Mark Whitehead 04 December 2017

Extra support for mental health in schools ‘welcome’, campaigners say

Extra support for mental health in schools ‘welcome’, campaigners say

Campaigners for children have welcomed Government proposals to put more resources into supporting mental health in schools and demanded that they are put into action immediately.

Responding to a Government green paper published today, the National Children’s Bureau said the priority must be that children and young people can access mental health support early.

Health Secretary Jeremy Hunt described the plans as 'an ambitious attempt' to transform the treatment of young people.

It will mean children in England will be seen by mental health services within four weeks as part of a Government pilot.

They will have access to mental health support in schools and colleges working in partnership with the NHS.

Anna Feuchtwang, chief executive of the National Children’s Bureau, said: ‘These proposals could mark an important milestone in how children access mental health support.

'Although much will depend on the detail, the emphasis on prevention and early intervention at school is particularly welcome.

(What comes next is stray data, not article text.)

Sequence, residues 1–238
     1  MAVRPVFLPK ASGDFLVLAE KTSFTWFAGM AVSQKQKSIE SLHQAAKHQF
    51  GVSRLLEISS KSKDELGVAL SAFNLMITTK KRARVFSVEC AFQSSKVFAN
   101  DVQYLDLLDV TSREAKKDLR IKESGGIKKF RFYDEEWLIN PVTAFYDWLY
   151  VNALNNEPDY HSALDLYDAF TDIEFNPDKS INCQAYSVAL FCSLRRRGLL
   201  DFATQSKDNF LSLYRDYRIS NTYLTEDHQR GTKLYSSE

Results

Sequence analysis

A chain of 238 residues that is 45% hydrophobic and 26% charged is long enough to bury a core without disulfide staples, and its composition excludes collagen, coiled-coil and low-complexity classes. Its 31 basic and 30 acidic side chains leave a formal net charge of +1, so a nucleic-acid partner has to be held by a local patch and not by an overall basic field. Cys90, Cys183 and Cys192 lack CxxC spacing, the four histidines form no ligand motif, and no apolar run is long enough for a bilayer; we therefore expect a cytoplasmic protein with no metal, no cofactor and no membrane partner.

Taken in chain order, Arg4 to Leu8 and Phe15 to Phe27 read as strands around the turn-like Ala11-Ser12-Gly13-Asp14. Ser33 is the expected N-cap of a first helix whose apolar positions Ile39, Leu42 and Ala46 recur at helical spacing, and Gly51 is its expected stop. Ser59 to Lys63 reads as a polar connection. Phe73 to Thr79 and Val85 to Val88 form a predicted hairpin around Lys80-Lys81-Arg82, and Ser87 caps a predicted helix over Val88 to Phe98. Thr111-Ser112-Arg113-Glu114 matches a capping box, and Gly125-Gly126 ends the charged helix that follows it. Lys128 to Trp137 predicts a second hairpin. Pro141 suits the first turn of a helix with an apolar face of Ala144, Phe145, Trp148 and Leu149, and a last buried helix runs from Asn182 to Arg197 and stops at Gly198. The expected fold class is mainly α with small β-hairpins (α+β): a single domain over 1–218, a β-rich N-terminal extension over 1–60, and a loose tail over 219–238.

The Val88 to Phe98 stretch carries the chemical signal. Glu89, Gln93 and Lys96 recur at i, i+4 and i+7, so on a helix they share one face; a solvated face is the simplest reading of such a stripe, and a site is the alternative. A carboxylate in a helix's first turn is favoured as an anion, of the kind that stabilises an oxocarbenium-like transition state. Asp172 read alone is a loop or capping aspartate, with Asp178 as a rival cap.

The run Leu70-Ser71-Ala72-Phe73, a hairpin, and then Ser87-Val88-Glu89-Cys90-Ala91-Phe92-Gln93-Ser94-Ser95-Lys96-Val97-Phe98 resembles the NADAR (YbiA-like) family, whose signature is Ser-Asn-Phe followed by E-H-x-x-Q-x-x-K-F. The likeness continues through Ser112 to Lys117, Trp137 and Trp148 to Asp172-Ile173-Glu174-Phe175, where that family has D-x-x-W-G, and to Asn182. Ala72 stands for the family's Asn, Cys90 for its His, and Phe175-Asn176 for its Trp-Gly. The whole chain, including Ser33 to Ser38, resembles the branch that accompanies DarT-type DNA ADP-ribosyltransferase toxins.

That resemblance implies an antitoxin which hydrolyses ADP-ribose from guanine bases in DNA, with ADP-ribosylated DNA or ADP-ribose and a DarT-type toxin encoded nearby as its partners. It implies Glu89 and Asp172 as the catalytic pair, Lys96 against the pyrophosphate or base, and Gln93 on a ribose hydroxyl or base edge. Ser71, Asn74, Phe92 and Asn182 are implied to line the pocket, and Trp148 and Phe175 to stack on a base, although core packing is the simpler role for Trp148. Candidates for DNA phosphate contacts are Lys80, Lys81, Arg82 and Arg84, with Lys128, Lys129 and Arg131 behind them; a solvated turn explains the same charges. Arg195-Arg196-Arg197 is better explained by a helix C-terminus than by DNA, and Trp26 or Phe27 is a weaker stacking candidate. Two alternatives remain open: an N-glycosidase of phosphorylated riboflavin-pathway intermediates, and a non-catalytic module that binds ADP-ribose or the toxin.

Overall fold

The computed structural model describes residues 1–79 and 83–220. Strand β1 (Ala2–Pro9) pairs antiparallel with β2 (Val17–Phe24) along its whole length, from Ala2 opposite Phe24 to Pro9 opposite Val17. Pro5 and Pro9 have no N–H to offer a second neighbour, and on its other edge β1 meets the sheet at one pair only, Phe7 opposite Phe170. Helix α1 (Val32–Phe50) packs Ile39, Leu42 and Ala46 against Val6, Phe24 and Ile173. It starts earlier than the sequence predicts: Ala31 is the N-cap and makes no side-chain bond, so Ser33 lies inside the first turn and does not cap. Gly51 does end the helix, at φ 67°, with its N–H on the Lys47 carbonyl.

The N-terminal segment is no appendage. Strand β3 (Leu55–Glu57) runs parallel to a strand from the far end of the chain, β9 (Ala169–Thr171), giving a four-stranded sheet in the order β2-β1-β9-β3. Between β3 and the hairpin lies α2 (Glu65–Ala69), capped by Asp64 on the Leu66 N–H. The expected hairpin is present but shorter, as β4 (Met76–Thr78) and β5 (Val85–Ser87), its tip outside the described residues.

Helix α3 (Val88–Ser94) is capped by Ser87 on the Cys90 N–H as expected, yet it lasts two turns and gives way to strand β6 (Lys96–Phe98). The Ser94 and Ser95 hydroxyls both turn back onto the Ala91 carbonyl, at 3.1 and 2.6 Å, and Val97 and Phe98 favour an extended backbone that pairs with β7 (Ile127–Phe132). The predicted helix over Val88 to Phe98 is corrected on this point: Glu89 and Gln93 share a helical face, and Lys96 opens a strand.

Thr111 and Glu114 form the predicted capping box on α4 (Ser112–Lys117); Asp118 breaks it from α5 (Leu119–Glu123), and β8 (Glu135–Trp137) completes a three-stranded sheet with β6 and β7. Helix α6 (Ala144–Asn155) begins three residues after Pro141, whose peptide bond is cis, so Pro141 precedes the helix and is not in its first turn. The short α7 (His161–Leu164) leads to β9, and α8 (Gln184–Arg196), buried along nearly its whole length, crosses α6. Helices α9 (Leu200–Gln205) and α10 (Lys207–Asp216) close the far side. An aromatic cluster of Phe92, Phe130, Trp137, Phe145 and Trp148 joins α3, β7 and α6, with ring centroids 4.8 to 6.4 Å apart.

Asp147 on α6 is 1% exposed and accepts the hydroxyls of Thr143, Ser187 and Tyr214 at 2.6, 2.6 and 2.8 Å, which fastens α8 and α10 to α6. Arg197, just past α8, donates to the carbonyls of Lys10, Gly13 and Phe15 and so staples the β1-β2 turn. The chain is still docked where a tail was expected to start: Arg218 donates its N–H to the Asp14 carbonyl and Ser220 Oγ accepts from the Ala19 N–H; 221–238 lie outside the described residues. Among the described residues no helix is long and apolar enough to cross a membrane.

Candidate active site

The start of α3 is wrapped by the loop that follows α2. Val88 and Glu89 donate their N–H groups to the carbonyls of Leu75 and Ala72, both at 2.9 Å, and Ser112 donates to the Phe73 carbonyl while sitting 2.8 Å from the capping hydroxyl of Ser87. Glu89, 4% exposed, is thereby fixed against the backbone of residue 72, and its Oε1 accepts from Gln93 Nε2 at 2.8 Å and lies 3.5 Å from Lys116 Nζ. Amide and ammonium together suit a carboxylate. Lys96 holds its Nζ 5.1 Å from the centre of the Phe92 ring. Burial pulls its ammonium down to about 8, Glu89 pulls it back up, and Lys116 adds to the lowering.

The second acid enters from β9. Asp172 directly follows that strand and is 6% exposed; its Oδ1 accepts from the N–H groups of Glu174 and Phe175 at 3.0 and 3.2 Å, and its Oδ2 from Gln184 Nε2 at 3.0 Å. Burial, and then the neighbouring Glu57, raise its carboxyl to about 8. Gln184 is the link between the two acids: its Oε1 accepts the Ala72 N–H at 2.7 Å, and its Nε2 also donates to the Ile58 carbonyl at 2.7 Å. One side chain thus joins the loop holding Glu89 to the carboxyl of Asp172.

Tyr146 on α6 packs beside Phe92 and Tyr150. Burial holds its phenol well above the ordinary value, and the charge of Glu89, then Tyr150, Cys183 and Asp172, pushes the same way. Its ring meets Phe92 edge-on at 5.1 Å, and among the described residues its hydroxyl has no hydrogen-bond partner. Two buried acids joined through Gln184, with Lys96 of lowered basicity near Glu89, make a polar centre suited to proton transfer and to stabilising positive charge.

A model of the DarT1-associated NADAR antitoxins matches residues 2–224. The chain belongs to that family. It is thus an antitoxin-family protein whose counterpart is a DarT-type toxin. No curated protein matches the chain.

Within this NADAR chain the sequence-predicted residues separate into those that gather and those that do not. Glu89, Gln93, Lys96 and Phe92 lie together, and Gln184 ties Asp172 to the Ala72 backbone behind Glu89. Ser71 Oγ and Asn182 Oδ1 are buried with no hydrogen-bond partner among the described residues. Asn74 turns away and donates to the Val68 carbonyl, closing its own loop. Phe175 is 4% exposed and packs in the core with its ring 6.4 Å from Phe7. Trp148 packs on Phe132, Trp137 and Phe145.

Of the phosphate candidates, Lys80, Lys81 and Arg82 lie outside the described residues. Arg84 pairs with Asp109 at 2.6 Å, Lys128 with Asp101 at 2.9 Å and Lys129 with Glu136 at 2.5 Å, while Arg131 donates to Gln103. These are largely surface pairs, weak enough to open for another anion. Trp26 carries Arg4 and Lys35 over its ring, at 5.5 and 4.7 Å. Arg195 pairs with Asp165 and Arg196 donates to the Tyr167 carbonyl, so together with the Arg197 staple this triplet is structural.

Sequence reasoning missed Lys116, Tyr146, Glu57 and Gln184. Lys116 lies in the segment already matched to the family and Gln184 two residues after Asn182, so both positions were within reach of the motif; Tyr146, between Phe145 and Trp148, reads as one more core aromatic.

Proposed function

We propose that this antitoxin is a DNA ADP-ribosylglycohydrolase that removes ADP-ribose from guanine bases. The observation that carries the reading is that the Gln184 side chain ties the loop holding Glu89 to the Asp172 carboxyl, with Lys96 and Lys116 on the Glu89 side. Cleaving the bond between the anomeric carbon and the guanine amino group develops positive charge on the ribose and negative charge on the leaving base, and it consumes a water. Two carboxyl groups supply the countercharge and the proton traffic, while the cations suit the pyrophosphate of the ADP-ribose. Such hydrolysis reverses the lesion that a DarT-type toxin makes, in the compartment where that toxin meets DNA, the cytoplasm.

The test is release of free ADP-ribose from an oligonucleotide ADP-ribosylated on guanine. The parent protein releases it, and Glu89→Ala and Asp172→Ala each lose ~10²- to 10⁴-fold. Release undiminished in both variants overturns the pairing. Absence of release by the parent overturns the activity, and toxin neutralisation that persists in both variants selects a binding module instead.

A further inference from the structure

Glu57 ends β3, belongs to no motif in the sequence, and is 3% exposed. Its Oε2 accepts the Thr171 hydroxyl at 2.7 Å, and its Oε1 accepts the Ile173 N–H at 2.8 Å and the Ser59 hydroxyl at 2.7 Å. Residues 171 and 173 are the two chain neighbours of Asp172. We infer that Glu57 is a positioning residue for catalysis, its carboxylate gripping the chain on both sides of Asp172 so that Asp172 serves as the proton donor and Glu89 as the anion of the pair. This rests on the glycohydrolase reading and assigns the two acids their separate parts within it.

'The Government should implement these reforms without delay, so that children don't have to wait a day longer than necessary for the help they need.'

Cllr Izzi Seccombe, chairman of the Local Government Association’s (LGA) Community Wellbeing Board, also welcomed the announcement.

However, Cllr Seccombe said 'children and their families need help and support right now. Depression, anxiety, bereavement, and family crises do not wait.

'The reality is that all children need support and we hope this can be extended to all schools.

'This support needs to be available on the same day, at the point of request.

'Councils have previously called for an independent counselling service in all schools, as evidence shows that children and young people find it a crucial support, and such a service would reduce overall demand on specialist services, too.'

'Today’s measures are a step in the right direction, but we need a root-and-branch overhaul of children’s mental health services if we’re to develop a system that says yes, rather than no, to children when they ask for help,' she added.

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